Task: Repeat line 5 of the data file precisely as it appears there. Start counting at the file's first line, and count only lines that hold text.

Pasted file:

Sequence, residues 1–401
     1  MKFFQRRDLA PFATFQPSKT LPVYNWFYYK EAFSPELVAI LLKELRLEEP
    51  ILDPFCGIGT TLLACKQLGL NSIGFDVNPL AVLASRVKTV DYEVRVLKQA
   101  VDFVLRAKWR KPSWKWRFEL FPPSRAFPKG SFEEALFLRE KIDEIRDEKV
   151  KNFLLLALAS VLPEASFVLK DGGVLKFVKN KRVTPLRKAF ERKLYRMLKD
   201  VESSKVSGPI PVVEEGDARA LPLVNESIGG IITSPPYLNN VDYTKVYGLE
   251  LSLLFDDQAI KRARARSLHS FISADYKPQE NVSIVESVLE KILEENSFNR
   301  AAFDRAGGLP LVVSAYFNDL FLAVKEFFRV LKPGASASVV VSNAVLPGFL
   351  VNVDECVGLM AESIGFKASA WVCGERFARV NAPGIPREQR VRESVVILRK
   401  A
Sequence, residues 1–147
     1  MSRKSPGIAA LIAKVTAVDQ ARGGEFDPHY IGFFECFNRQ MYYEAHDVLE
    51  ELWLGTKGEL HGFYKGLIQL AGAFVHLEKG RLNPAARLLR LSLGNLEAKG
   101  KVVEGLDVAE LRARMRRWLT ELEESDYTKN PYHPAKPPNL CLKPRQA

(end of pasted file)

   151  KNFLLLALAS VLPEASFVLK DGGVLKFVKN KRVTPLRKAF ERKLYRMLKD